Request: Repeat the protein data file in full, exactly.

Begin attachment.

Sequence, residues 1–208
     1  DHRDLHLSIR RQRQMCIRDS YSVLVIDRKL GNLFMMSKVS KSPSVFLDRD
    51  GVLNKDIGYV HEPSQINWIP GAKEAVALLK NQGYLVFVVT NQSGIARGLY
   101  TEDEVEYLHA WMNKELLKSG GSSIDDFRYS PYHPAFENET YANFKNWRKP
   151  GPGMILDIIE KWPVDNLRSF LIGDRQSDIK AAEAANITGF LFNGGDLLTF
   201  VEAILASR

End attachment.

Sequence, residues 1–208
     1  DHRDLHLSIR RQRQMCIRDS YSVLVIDRKL GNLFMMSKVS KSPSVFLDRD
    51  GVLNKDIGYV HEPSQINWIP GAKEAVALLK NQGYLVFVVT NQSGIARGLY
   101  TEDEVEYLHA WMNKELLKSG GSSIDDFRYS PYHPAFENET YANFKNWRKP
   151  GPGMILDIIE KWPVDNLRSF LIGDRQSDIK AAEAANITGF LFNGGDLLTF
   201  VEAILASR